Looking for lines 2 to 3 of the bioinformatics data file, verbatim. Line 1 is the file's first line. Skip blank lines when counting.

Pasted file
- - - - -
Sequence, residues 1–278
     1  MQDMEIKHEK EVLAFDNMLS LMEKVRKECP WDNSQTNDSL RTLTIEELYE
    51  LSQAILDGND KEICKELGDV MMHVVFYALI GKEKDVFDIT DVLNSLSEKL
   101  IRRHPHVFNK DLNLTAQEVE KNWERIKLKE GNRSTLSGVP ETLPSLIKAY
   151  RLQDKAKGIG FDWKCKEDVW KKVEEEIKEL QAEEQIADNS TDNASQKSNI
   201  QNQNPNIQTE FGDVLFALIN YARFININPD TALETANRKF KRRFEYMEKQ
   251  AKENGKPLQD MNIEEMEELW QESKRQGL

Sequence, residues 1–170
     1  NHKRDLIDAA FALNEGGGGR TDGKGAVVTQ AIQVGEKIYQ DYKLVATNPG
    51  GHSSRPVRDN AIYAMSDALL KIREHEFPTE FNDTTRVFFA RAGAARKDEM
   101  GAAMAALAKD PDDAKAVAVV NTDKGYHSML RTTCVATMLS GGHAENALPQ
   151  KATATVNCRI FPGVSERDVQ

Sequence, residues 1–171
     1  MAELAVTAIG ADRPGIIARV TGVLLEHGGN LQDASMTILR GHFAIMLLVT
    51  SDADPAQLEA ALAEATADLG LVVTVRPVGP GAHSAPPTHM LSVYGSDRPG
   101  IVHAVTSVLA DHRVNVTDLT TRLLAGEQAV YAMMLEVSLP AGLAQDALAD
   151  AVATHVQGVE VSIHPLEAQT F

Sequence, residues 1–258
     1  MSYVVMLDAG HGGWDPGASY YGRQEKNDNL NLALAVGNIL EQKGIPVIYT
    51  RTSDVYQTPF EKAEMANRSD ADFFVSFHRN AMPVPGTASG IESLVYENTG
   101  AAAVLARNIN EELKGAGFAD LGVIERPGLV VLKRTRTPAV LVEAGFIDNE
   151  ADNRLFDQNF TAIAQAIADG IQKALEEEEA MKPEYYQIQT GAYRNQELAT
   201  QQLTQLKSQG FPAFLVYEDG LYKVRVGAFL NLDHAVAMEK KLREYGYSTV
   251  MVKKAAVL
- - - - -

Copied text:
     1  MQDMEIKHEK EVLAFDNMLS LMEKVRKECP WDNSQTNDSL RTLTIEELYE
    51  LSQAILDGND KEICKELGDV MMHVVFYALI GKEKDVFDIT DVLNSLSEKL